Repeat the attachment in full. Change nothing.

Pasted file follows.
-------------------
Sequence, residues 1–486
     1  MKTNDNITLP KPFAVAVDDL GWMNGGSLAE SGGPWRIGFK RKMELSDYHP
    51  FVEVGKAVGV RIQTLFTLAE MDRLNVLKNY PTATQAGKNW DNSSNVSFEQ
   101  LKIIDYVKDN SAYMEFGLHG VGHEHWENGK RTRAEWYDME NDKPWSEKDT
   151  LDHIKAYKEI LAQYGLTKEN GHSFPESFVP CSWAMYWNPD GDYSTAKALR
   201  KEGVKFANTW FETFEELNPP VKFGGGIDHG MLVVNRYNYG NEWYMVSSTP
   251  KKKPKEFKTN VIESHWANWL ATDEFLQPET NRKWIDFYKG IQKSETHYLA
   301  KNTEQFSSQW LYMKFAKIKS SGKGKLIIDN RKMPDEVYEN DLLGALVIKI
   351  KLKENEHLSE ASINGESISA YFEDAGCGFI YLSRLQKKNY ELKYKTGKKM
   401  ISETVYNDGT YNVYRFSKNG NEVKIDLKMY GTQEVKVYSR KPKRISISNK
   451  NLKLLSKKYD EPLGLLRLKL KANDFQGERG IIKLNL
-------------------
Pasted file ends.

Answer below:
Sequence, residues 1–486
     1  MKTNDNITLP KPFAVAVDDL GWMNGGSLAE SGGPWRIGFK RKMELSDYHP
    51  FVEVGKAVGV RIQTLFTLAE MDRLNVLKNY PTATQAGKNW DNSSNVSFEQ
   101  LKIIDYVKDN SAYMEFGLHG VGHEHWENGK RTRAEWYDME NDKPWSEKDT
   151  LDHIKAYKEI LAQYGLTKEN GHSFPESFVP CSWAMYWNPD GDYSTAKALR
   201  KEGVKFANTW FETFEELNPP VKFGGGIDHG MLVVNRYNYG NEWYMVSSTP
   251  KKKPKEFKTN VIESHWANWL ATDEFLQPET NRKWIDFYKG IQKSETHYLA
   301  KNTEQFSSQW LYMKFAKIKS SGKGKLIIDN RKMPDEVYEN DLLGALVIKI
   351  KLKENEHLSE ASINGESISA YFEDAGCGFI YLSRLQKKNY ELKYKTGKKM
   401  ISETVYNDGT YNVYRFSKNG NEVKIDLKMY GTQEVKVYSR KPKRISISNK
   451  NLKLLSKKYD EPLGLLRLKL KANDFQGERG IIKLNL